And, according to various female friends I have discussed this with, I am far from alone. A friend of mine did not have her first orgasm until the ripe old age of 19, and that was after being sexually active for four years, with a partner of almost two years. And the most depressing thing is that neither of us had thought much of it, up until that moment.
When I had finally discovered a rather literal lust for life, and had spent my days like a 13-year-old boy for several weeks (well, maybe months), I was amazed to find, over two years later, that many of my friends were still stuck in the same predicament I had been.
When I tried to offer them some of the encouragement and reassurance that I would have benefitted from, I was met with chorus of “no way, that’s disgusting”. Again, when I pointed out that their male peers had been doing it for years, the old “it’s different for boys” was their mantra.
I would love for them to turn the tables round one night and end a sexual encounter before their partners had come. A friend of mine tried this once, and reported that the incensed rage and sulking that followed could only be likened to that of a three-year-old who has been told Christmas had been cancelled
And it would seem that some ladies can never overcome the fear of playing solo. While steadily working my way through the back catalogue of trashy magazines at work, I have regularly come across women in problem pages who are over 60 and have never had an orgasm; how many retired men do you think are yet to get their rocks off?
This is a sad state of affairs. What does good sex mean to these women? I would love for them to turn the tables round one night and end a sexual encounter before their partners had come. A friend of mine tried this once, and reported that the incensed rage and sulking that followed could only be likened to that of a three-year-old who has been told Christmas had been cancelled.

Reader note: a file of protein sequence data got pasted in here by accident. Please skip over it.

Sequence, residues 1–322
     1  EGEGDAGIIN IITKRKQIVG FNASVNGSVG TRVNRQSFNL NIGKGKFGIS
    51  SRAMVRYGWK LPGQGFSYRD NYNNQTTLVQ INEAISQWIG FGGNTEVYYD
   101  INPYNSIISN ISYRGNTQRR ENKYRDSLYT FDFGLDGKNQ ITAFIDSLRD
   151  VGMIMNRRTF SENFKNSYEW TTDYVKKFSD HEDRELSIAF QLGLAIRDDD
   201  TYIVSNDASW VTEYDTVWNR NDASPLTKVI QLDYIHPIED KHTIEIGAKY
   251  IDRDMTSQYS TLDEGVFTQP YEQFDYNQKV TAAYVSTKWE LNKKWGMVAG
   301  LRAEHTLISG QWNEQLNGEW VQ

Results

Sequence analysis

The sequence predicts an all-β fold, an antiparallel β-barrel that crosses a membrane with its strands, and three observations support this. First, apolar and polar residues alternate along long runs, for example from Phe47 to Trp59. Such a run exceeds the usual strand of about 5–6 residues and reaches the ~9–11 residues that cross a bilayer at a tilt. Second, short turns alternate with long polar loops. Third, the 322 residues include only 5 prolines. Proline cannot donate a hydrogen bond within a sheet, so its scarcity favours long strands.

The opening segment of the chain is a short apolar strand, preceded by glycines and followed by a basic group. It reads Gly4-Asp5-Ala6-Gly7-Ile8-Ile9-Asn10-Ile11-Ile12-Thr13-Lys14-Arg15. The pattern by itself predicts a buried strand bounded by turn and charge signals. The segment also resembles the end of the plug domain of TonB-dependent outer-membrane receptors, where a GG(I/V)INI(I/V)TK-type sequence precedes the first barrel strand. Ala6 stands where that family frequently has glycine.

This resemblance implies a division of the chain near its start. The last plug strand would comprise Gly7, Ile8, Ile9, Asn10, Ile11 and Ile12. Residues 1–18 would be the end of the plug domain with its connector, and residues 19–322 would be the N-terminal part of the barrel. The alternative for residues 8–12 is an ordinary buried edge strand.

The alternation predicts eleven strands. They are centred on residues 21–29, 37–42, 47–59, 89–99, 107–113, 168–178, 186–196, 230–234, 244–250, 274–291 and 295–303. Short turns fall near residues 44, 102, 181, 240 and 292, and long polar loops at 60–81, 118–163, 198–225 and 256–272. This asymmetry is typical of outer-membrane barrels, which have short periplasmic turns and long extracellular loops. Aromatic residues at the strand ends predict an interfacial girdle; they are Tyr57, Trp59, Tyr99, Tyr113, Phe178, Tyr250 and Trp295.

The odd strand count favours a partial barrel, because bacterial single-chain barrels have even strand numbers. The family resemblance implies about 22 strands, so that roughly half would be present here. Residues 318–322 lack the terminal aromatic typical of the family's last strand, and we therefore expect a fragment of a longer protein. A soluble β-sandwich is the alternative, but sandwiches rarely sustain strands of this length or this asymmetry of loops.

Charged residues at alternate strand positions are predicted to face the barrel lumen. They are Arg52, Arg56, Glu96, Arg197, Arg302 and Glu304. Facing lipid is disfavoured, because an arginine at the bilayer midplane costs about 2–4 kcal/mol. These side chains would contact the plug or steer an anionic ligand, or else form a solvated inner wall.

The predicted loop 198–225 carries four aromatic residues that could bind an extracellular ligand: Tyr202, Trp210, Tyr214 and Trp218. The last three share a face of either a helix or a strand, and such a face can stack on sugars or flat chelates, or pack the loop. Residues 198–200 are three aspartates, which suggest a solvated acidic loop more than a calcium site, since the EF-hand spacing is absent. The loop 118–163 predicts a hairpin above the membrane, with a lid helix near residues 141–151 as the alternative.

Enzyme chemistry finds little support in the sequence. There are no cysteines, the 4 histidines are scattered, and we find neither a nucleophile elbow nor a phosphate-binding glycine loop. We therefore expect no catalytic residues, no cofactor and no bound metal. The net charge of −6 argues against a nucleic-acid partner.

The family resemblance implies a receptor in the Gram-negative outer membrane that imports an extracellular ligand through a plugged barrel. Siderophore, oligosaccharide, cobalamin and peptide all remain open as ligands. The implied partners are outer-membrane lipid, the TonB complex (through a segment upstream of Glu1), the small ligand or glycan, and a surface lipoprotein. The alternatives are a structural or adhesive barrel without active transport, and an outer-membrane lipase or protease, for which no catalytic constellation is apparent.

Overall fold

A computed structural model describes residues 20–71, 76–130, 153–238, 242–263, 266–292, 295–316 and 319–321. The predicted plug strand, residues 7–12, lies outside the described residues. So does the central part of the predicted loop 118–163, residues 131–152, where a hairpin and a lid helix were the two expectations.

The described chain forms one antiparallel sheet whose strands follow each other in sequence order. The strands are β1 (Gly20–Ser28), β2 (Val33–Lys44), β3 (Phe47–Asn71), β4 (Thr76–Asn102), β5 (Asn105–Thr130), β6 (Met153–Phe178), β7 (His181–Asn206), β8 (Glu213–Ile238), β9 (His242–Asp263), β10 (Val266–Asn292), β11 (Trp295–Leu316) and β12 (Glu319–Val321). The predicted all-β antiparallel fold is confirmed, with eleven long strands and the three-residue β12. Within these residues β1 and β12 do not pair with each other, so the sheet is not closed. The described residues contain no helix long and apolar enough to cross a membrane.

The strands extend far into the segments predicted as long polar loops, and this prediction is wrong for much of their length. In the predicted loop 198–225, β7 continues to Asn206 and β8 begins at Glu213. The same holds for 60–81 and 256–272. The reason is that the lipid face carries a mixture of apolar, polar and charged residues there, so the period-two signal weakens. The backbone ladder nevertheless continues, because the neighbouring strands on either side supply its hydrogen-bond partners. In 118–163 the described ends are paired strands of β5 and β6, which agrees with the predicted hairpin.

Paradoxically, it seems that this policing of sexuality from a young age not only negatively affects teenage girls’ sexual experiences, it has become about appearing to be sexual available simply to please men and not to fulfil their own desires or fantasies.
The rise of so-called ‘raunch culture’ means that for many girls, merely looking ‘pretty’ has taken a back seat for looking ‘sexy’: supermarkets stock pole dancing kits as children’s toys, glamour modelling is in the top five career choices for pre-teen girls and hundreds of girls all over the country are counting the days until they are 18 and are legally allowed breast enhancements. Girls are being sexualised at an increasingly younger age, and it seems to be more about self-esteem than sexual satisfaction. The pleasure that comes from sexual experiences at this age is often the feeling of being thought attractive and being desired by a male than actually getting off.
It just seems very bleak, not to mention futile, to summon up so much effort to create the illusion of oozing sexuality, when actual sexual satisfaction, not to mention experience, barely enters into it.
Furthermore, if girls are not properly socialised and encouraged to find out what pleases them, how are they to become confident and comfortable with their own bodies, and moreover, how are their partners supposed to know how to please them? When one partner has little or no knowledge about what pleases them sexually, then the control of the situation almost always shifts to the other. This leads to couples falling into bizarre mating rituals, like that of girl I lived with for a year at university. She once confessed that her boyfriend didn’t like her to move at all during sex, as it “distracted him”.